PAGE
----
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Same-Sex Marriage

Jo-Ann Shain and her partner, Mary Jo Kennedy with daugther

Jo-Ann Shain and her partner, Mary Jo Kennedy, have been a couple for over 25 years. They share a daughter, a home, and have joint finances. They are married in every sense of the word except legally. Having been denied a marriage license, they decided to become part of a class action suit against New York City, where they reside. The suit argues that denying marriage to same-sex couples violates the state constitution that guarantees equality and liberty for all New Yorkers.

The case is the first of its kind to be filed since the Massachusetts highest court ruled that same-sex couples are entitled to full marriage under that state's constitution. The lawsuit is based solely on the New York constitution, which means that the state's highest court will have the final word on the case.

Photo of court house
"This is not just about filing joint taxes and getting each other's social security," Shain said. "This is about our daughter learning that families are built on love."

The issue of Same-Sex Marriage is at the forefront of the gay community. It cuts to the core of what it means to be a legitimate couple in this society. Although many couples have domestic partnership agreements and joint ownership of property, few feel that these are adequate substitutions for legal marriage.

Christine Quinn


Photo of drag queens
In January 2006, at the age of 39, after serving on the City Council's City Council for almost 7 years, Christine Quinn was elected City Council Speaker. She is the first woman, and the first openly gay person to be named Speaker, which is the most powerful political position after the Mayor. A Councilperson for over seven years, she represents Chelsea, the West Village and Hell's Kitchen. She has supported domestic partner health care benefits, and led the successful fight against the West Side Stadium. She has been a champion of gay rights issues can often be seen on the front lines in the fight to legalize gay marriage.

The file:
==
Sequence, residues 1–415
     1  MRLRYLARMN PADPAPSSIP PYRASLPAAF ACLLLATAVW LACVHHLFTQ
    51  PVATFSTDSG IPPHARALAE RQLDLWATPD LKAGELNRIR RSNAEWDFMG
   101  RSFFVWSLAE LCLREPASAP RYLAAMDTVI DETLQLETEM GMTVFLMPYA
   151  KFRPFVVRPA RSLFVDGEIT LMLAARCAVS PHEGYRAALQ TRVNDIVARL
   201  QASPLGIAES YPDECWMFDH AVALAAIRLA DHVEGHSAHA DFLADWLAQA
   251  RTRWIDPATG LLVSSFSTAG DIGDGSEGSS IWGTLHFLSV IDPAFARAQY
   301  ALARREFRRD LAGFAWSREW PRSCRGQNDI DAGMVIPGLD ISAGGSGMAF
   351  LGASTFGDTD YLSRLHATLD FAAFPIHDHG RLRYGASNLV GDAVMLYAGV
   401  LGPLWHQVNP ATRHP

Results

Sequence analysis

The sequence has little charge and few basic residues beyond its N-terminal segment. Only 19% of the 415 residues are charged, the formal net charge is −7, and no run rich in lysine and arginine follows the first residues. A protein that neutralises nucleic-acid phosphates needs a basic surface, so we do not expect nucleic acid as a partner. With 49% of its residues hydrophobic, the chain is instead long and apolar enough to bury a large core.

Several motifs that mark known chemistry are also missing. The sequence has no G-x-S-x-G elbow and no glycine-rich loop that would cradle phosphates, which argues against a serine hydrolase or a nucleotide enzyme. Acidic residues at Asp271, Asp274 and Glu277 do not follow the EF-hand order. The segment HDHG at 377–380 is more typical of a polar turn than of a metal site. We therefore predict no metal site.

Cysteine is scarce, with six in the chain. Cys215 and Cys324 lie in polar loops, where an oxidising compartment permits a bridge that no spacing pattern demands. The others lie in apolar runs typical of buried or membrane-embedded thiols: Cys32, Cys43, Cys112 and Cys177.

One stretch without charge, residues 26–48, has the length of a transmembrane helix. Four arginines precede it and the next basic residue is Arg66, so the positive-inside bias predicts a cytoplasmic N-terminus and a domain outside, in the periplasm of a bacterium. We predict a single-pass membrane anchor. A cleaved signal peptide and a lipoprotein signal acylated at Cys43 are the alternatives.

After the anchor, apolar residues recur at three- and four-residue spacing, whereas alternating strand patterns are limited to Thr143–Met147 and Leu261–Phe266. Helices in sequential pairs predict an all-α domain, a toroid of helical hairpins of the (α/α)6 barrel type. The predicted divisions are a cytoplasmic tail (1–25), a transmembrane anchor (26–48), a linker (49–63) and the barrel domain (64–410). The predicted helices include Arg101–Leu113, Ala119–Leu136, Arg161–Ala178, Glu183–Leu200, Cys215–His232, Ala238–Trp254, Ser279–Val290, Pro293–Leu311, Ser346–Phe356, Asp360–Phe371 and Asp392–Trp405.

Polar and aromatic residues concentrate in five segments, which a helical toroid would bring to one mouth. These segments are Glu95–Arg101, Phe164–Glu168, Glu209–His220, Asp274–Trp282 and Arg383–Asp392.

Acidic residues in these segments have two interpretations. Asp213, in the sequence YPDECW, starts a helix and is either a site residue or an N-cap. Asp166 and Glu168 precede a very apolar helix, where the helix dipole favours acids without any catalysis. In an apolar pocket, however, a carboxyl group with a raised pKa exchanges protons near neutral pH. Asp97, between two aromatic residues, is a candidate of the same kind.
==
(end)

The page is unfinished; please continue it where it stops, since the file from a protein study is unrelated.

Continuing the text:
Photo of drag queen

On any given night, viewers tuning into public access TV might see pregnant drag queens, vampires, baby abductions, and aliens. It's just another day in the zany world of "STRANGE FRUITS.", the outrageous soap opera that has been airing on public access television since 1997.

Eric Booth is the writer, producer, director, cinematographer, stage manager, editor and sole financier of the Bronx-based soap, doing everything in his spare time when not working as a marketing researcher. The show is produced on a shoe-string budget, with improvised costumes and props, and the actors are all unpaid. Some do it because they love it, while others enjoy an on-air sense of freedom they don't necessarily have in their everyday lives. "A lot of transgender individuals would like to have the freedom that Bebe expresses on film," says Billie Nelson, a transgendered person who plays the show's lead character, Bebe Montana. "I think they would like to have that bravado, that confidence and be able to parade it as she does. ...just to have that type of freedom is a powerful example and inspiring."

Photo of Eric Booth
In addition to "STRANGE FRUITS," Eric Booth also produces "FRUTA EXTRANA", a "queer TODAY SHOW" in which gay and transgendered hosts address issues of particular concern to the Bronx gay community.

(First Aired June 23, 2006)
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Same-Sex Marriage: The story of a family fighting for the legalization of same-sex marriage in NY State.View this story
View this storyChristine Quinn: The first female and openly gay City Council Speaker.
STRANGE FRUITS: A zany drag queen soap opera takes over public access TV.View this story
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